kru


Ditto... :)

GIS Reference and Instruction Specialist, Stanford Geospatial Center.

 

www.mapbliss.com

 


#10
Matthew Hampton

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For me it comes down to handling color, the user interface, and the toolbox. Illustrator handles the CMYK colorspace with aplomb, provides an enjoyable work experience, and has an immense set of tools that can articulate subtle cartographic nuances quickly and easily.

That said, ArcGIS 9.3 does have a sophisticated analytical and cartographic toolset, but its graphic engine has a lot to be desired. If creating production-quality maps are your intention then follow the aforementioned AI workflow, but if having a live link to data (that changes often) is desirable - then learning ESRI's cartographic tips and tricks would be worthwhile. If you want to satisfy both desires, choose MapPublisher or choke down license fees for both ESRI and Adobe.

co-cartographic creator of boringmaps.com


#11
ceicher

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Hi all

My personal opinion is that GIS/ESRI/ArcMap has a lot to offer here. I had prepared a long-ish reply, then sat on it... thought twice about posting, then came back and said, why not. Hope that I can avoid the "wall of text" effect (http://www.urbandict...rm=wall of text), and I hope that this educates, intellecutally stimulates, etc.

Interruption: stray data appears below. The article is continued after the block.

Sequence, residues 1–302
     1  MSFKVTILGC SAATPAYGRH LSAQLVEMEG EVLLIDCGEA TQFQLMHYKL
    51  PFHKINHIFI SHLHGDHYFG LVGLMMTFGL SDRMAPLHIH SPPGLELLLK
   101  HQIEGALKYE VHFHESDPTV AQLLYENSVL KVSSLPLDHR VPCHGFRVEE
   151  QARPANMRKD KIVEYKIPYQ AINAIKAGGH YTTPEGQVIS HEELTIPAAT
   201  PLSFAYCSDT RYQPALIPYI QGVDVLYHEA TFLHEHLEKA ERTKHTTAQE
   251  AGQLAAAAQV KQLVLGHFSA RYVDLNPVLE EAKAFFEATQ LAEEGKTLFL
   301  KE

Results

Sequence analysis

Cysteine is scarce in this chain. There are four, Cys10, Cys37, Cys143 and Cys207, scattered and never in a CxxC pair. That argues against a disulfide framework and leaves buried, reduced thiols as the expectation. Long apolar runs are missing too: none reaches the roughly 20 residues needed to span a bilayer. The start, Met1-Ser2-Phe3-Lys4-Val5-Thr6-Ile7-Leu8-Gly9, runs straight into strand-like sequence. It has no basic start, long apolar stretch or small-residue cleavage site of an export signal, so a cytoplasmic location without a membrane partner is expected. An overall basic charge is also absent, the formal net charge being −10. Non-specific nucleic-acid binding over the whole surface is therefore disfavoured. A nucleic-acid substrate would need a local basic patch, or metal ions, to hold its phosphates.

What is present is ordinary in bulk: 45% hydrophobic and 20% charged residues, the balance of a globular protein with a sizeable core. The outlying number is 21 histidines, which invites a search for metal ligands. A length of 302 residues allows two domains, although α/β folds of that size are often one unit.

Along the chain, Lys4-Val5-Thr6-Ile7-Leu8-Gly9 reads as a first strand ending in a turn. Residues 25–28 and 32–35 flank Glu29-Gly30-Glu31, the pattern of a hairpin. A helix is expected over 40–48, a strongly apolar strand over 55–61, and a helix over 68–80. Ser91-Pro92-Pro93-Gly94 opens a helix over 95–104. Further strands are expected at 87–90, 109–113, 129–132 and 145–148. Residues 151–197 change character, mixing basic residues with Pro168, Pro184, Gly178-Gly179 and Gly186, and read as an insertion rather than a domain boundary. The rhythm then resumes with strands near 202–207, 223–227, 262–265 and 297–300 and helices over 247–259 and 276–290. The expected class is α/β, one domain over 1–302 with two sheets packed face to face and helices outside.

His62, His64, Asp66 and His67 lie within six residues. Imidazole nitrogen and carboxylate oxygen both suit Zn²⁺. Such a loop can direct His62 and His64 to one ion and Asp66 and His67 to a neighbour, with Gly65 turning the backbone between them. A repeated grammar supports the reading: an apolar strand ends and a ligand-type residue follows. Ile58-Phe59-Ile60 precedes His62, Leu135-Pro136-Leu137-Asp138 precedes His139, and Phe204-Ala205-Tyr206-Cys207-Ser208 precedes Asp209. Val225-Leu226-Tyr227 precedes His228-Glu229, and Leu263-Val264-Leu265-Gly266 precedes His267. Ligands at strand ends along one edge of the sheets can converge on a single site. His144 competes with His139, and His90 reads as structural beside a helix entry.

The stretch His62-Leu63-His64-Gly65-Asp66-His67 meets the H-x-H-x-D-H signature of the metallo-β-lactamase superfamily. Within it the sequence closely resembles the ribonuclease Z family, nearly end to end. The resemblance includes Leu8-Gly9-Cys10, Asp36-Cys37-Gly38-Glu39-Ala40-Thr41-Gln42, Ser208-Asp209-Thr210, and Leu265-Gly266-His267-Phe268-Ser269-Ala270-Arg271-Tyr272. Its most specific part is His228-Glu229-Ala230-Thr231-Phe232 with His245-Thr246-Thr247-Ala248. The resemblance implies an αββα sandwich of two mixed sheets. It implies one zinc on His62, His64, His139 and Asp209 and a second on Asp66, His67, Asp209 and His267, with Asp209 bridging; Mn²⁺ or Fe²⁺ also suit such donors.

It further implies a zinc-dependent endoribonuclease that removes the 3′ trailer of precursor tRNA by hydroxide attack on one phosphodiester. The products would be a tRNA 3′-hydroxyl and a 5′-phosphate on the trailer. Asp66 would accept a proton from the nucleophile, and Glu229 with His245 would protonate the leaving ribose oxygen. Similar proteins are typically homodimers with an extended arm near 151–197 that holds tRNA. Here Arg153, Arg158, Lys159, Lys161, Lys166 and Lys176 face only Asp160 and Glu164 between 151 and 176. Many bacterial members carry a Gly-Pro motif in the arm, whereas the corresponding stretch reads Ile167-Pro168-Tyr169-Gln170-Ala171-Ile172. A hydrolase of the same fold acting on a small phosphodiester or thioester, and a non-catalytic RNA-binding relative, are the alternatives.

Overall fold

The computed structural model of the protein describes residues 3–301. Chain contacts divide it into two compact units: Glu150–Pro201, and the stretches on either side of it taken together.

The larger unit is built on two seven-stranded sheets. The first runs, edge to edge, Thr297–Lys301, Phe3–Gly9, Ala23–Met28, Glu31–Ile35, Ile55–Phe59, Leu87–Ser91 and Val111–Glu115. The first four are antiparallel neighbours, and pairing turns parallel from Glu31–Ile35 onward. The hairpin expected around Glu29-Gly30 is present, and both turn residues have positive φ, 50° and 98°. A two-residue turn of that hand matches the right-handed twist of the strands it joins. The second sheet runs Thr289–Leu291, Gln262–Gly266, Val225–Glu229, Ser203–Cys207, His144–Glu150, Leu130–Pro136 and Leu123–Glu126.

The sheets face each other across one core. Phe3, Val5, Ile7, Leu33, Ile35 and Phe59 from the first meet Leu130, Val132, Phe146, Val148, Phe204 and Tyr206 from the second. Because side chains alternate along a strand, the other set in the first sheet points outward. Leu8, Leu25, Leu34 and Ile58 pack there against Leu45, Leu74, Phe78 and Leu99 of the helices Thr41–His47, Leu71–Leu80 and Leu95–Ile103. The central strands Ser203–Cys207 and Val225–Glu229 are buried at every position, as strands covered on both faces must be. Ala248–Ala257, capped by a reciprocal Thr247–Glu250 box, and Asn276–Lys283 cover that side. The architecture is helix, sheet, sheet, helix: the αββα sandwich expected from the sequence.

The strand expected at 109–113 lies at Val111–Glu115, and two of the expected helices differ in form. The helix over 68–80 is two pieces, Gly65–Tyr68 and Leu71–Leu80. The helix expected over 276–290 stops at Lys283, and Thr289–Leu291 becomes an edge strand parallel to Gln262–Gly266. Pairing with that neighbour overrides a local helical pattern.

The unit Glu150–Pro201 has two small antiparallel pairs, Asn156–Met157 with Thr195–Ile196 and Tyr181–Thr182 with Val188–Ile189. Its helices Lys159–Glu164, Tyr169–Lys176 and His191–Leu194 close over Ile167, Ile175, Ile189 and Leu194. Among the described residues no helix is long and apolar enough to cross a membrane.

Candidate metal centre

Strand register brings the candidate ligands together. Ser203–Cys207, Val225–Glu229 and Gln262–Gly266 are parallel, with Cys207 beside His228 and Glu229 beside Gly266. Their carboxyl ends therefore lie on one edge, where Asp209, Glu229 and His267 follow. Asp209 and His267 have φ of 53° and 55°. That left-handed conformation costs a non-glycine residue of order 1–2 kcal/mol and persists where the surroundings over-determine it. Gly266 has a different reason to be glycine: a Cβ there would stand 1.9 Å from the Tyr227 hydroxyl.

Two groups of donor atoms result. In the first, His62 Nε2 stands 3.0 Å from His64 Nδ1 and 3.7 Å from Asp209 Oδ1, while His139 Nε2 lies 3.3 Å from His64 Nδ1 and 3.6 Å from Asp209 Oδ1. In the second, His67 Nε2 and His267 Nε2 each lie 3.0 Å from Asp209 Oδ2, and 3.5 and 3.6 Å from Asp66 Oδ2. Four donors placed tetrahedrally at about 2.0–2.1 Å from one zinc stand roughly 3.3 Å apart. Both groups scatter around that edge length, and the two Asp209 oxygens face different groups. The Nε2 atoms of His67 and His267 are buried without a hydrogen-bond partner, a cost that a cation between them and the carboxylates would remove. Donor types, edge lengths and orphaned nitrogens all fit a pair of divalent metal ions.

-------------

First, here's a summary of some of the reasons mentioned to use this workflow (and sure, there are others out there):

1) With InDesign, Illustrator, and PS, Adobe offers a really powerful graphic suite

2) high quality symbology (way beyond "GIS maps") is really important for what you do

3) when moving vector and raster data from ArcMap to Adobe, there's a mess to be cleaned up
-not a reason to keep this workflow, actually a pain point related to keeping it

4) color not well-enough supported in ArcMap

5) Illy/PS GUI prefered to ArcMap (better usability)

6) specific tools are missing from ArcMap

-------------

And now to ask some follow up questions

1) Yes, ESRI isn't in the business of competing in general with the full Adobe graphics suite, but we can improve the ESRI-Adobe workflow for high-end cartography.
-one way - fix your pain points in 3).
-another way - reduce or eliminate work the 2nd system.

2) Do you use (ESRI terminology): Representations? Symbol Levels? Symbol Level Masking? In your opinion what's missing from ArcMap vector symbology?